More than a year ago, my friend Nathalie suggested we go to an AMAP (Associations pour le Maintien d'une Agriculture Paysanne) event on Canal de l'Ourcq and talk to actual farmers to see if they'd be willing to consider growing it. One fellow expressed an interest, but only if we had enough people to make it worth his while. He needed a commitment of 30 people, which was about triple the number of people I actually new in the city. I gave up. I figured I could eat collard greens and gai lan--also known as Chinese kale--until I was back in the land of the red, white, and greens.

Back in June, on a trip to London, I picked up two bunches of kale (all I had room for) at a Whole Foods market and ferried them back home on the Eurostar. Reacquainting myself with this this old edible friend only amplified the longing for it; would it be reasonable to consider quitting France simply to gain better access to my beloved vegetable? The kale-obsessed quadrant of my brain said "oui."

Then, nearly without warning, un petit miracle: My friend and fellow expat Karin introduced me to Kristen, another kale-loving American. The difference between my love of kale and Kristen's is that this girl didn't just whinge about the no-kale situation; she actually embarked on a no-stopping-until-success mission she dubbed The Kale Project to bring the damn stuff to France. In September, her efforts made so many wishful thinkers' dreams come true: She got the farmers to grow it, and now it's being sold at a few outdoor markets in gay, gay Paree. Hallelujah! Praise Kristen!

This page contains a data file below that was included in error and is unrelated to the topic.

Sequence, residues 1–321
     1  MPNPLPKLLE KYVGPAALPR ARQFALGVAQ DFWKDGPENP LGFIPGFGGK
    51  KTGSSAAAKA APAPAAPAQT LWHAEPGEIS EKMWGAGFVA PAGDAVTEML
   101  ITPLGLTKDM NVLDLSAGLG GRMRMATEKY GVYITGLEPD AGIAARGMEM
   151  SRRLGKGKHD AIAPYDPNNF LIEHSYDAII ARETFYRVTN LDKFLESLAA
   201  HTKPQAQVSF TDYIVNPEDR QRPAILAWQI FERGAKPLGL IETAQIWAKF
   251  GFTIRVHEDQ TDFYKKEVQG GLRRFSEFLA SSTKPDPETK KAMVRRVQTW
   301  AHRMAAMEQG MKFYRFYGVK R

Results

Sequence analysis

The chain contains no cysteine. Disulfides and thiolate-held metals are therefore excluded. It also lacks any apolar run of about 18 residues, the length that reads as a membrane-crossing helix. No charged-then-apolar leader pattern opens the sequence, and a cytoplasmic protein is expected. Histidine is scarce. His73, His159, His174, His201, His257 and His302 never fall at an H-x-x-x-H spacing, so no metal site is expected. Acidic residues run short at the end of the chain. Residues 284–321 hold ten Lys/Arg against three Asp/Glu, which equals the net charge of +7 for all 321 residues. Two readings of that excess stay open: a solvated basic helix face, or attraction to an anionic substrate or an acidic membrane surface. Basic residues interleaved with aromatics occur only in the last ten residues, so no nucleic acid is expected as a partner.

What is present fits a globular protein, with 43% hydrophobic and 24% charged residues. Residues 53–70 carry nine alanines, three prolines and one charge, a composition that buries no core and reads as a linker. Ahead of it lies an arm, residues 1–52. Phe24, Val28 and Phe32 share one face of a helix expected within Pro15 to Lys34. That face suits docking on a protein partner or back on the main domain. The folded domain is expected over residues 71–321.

Kale had its coming-out party at Verjus, a lovely little restaurant owned by a pair of (yep, you guessed it) expat Americans. The restaurant is the current darling of the Parisian "modern French" dining scene, and I'd wanted to check it out ever since discovering they'll do a vegan menu with a bit of advance warning. I gave absolutely no advance warning when I showed up asking for something kale-ish and vegan. (If you assumed, wrongly, as I did, that a kale menu implied there would already be something vegan, you would have been, as I was, saddened to discover otherwise.) The good news was that the wonderful chef busted out an impromptu kale gaspacho that totally exceeded my taste-bud's expectations. You really can't go wrong when you mix kale with heirloom tomatoes, smoked almonds, fennel, and onions.

A freelance reporter for the New York Times turned up for the event, as did a lot of pretty, blonde young things who look like they'd gone a long time without eating kale--or any other kind of food. But the star of the show was definitely Kristen, the kale messiah of the vegetable-loving Parisian masses. Where will I be this Sunday? At "church," otherwise known as the outdoor market, giving thanks for kale.